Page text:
Right to die?

There’s been a lot in the news recently about whether people should have the right to die when they choose. The news stories always focus on people with incurable illnesses, locked in syndrome, degenerative multiple sclerosis. I’m very much pro-choice, people should be allowed to do what they want within reason, it’s their life. Something happened on Twitter last night though that really made me question the extent to which this applies to mental health. Should someone who is acutely suicidal just be allowed to get on with it or should we (both personally and as society as a whole) intervene?

Rather than get into big sweeping generalisations, I’m going to talk about my own experiences. I’ve been that acutely suicidal person with an absolute desire to end it. I tried and it’s only through intervention from friends and the medical profession that I didn’t succeed. At the time I resented it hugely. I thought dying was the only option I could face and I couldn’t understand why people wouldn’t let me go for my own sake.

Now I see things somewhat differently. While I am not entirely jubilant at life all of the time, I am at least interested in seeing how it pans out. If I’d been allowed to do what I thought I wanted, I’d never have met my boyfriend, got a puppy, had the chance to start my own business. I look back and I’m grateful that people intervened when they did, they gave things a chance to change.

I’m not saying that things will change for every suicidal person with a mental health condition. However, bad brain chemistry, call it what you will, does make you see things in a distorted manner. This can make you feel and think things are one way when that isn’t entirely the case. How do you determine when a decision is what someone really wants or if what they want can be changed with the correct help and treatment?

I don’t know the answer. I’m just glad that people did intervene and give me the opportunity to get to where I am today.


2 Responses to Right to die?

  1. Pandora says:

    Gah, that was a bad situation 😦 Having been placed in the same one several months back, I know how difficult it is. I hope you’re OK.

    My view on this is that if depression/mental illness/whatever it is is long-term treatment resistant, then suicide is kind of acceptable. I mean in the sense that all medications and therapies have failed – consustently, and for for years. The difficultly is in determining how many years. I’d go with decades – but that’s easy to say.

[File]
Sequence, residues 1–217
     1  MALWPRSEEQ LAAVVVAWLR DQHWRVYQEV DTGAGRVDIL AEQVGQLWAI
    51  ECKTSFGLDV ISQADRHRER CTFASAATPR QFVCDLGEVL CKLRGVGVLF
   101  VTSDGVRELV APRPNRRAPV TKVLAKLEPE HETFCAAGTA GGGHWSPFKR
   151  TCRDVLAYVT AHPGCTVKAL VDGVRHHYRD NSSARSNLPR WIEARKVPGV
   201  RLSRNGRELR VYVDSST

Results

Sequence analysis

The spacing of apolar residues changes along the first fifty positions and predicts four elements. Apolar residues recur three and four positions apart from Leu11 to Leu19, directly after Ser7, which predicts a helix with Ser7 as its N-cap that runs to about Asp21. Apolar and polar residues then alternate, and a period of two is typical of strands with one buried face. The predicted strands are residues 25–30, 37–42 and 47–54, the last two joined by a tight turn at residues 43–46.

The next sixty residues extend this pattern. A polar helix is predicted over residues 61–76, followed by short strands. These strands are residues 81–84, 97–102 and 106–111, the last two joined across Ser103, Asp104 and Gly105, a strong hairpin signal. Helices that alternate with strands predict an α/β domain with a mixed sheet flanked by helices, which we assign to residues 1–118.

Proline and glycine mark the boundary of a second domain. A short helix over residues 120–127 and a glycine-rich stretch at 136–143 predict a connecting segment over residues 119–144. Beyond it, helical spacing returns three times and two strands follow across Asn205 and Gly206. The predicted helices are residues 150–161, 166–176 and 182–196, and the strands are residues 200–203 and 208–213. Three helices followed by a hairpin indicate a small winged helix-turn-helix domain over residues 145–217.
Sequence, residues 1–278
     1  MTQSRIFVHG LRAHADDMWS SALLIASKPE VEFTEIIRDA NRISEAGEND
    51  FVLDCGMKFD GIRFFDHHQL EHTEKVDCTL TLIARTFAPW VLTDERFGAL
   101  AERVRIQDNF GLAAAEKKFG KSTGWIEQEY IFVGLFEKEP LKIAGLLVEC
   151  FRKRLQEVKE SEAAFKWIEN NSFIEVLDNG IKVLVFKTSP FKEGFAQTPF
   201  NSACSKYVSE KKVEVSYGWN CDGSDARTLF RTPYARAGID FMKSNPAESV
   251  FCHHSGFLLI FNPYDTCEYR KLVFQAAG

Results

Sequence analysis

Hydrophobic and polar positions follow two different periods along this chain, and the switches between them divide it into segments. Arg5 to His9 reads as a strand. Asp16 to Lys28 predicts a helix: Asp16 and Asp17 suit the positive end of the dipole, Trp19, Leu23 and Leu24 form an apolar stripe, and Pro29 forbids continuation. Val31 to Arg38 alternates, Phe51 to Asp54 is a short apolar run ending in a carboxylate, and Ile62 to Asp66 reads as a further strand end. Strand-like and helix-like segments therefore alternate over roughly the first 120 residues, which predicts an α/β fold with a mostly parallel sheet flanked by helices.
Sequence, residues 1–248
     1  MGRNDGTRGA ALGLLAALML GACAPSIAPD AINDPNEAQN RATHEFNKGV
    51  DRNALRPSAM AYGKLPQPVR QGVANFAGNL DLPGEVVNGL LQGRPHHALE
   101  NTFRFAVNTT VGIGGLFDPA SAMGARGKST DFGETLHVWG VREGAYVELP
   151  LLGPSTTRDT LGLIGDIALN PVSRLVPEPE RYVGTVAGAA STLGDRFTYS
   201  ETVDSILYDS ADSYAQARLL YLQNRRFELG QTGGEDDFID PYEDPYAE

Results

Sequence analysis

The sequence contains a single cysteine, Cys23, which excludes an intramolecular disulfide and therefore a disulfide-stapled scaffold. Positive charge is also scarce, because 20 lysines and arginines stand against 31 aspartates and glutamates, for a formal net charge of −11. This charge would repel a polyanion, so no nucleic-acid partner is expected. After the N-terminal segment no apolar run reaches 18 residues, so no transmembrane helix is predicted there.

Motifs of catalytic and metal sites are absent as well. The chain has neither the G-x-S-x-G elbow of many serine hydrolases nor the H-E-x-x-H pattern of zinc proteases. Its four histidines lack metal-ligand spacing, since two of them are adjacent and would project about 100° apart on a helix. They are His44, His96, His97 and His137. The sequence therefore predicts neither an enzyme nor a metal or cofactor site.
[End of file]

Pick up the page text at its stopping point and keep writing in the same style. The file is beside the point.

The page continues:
Like you, I’ve been to the very brink, and have recovered. But when depression returns, so does the suicidality, and that’s when recollection of the better times fades, and I convince myself that they cannot return, not this time.

    And that’s precisely why intervention is sometimes warranted and necessary: people who can get better don’t realise that they can, and need help to do it.

    If a person feels the same in 20 years hence, with no respite at all, then things might be different – but in this case, you did the right thing, and I hope over time the person involved will come to realise that.

    Take care

    Pan xxx

  2. JuliesMum says:

    I agree, I think there’s no single answer. I think one person’s depression is different from another’s, and it would probably be impossible to write down a single formula that suited every single case. Perhaps even 20 years isn’t long enough for some people… and maybe it’s too long for others.

    Take the two people I know best who have had suicidal intentions or made suicide attempts. With my daughter, intervention is a no-brainer. She is only 16: I don’t think she can possibly make the decision to take her own life at this age. She’s having a horrible time, but I think she will get better, even if she doesn’t always believe that. I can’t imagine anyone arguing against intervention in her case. I may feel exactly the same in 20 years time (gosh, I hope it isn’t still an issue then!)

    My father on the other hand might be an argument against intervention. As a younger man, he suffered from untreated mental illness for decades, and growing up I became aware that he had drawn up very detailed preparations for his suicide (though subsequently he seems to have decided against it after my mother fell ill and needed round-the-clock nursing). After struggling with this for some time, I realised eventually that it really was his own decision. He had had long enough to think about it and to consider the consequences to everyone else. If he had decided to go ahead then I would have had to respect his decision and his right to choose.

    I’m not sure how I would begin to identify what it is that makes me feel so sure that intervention in one case is justified but not in the other. Obviously, I might be confused by my own relationship to the people involved, but I’d like to think that it was more to do with their relationship to their illness. In one case, I don’t think my daughter has had a chance to experience mental health yet, in the other I think my father knew his illness all too well and was probably approaching the decision very rationally.

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